Treating the ‘Personal’ as Private: Contextualising the Normative Framework of Cannabis Clubs in Spain within a ‘Global Model of Constitutional Rights’
Posted: 22 Jun 2017 Last revised: 16 Nov 2017
Date Written: June 20, 2017
This article provides an analysis of the normative framework of Spanish cannabis clubs with the aim of contextualising it within a growing body of comparative constitutional law that recognises legal obstructions to personal drug consumption as intrusions on the right to privacy. Article 3(2) of the United Nations Convention Against Illicit Traffic in Narcotic Drugs and Psychotropic Substances, 1988 relieves signatory states from the Article’s obligation to criminalise drug possession and cultivation for ‘personal consumption’ where doing so would conflict with the constitution or the basic concepts of their legal system. Spain appears to have been the only country in which the legislature (as opposed to the judiciary) has relied on Article 3(2) in its decision not to criminalise conduct for personal consumption. In doing so the government omitted to specify the constitutional ground relied upon, and the scope of the conduct encapsulated in its drug offence is open to judicial interpretation. The Spanish judiciary has had to consider the legal implications of collective consumption and cultivation. As well as operating in a grey area of domestic law, Spain’s cannabis clubs straddle the blurred boundary in international and European instruments between ‘personal consumption’ and ‘drug trafficking’. This article argues that the ambiguity surrounding the meaning of ‘personal consumption’ is best decided within the framework of the ‘global model of constitutional rights’, particularly given the acknowledgement given to the engagement of constitutional principles by the term in the 1988 Convention. This article includes an analysis of all constitutional decisions on the relationship between human rights and criminal laws on recreational drug use from around the world.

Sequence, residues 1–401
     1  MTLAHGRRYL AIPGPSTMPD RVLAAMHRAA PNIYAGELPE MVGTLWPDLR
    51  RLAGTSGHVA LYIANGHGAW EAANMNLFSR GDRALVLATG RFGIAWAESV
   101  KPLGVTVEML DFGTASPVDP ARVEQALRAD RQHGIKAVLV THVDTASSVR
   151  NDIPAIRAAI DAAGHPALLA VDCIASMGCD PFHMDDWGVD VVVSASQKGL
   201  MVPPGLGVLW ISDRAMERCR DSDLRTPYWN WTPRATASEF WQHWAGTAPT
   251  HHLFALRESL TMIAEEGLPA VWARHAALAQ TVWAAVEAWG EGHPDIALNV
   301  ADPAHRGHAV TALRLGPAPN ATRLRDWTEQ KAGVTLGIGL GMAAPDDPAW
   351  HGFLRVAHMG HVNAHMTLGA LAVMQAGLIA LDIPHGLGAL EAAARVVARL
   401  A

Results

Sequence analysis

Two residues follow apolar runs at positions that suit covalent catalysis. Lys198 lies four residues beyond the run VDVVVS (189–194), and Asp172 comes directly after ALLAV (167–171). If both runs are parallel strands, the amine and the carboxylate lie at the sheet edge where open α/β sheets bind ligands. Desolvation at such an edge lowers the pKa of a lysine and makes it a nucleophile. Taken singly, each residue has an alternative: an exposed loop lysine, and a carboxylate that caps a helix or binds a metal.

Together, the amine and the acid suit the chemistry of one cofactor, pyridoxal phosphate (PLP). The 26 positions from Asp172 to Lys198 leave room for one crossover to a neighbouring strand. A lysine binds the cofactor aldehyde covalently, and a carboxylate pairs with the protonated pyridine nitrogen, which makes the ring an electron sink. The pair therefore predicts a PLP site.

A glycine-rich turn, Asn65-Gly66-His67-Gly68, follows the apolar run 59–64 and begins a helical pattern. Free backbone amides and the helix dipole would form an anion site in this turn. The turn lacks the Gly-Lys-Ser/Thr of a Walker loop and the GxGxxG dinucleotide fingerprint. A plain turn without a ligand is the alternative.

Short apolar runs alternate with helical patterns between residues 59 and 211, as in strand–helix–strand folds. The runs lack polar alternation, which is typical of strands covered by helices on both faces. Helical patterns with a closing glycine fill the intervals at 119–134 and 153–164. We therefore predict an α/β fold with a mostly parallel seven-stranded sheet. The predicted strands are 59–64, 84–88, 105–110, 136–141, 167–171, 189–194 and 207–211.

Keywords: privacy; autonomy; public health; cannabis clubs; personal consumption; international drug control.
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